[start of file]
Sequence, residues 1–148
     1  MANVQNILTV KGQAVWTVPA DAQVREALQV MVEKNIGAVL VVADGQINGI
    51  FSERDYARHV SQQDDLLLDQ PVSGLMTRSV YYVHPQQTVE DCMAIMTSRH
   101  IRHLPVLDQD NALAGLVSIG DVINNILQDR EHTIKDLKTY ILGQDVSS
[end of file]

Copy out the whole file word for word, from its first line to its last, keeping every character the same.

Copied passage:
Sequence, residues 1–148
     1  MANVQNILTV KGQAVWTVPA DAQVREALQV MVEKNIGAVL VVADGQINGI
    51  FSERDYARHV SQQDDLLLDQ PVSGLMTRSV YYVHPQQTVE DCMAIMTSRH
   101  IRHLPVLDQD NALAGLVSIG DVINNILQDR EHTIKDLKTY ILGQDVSS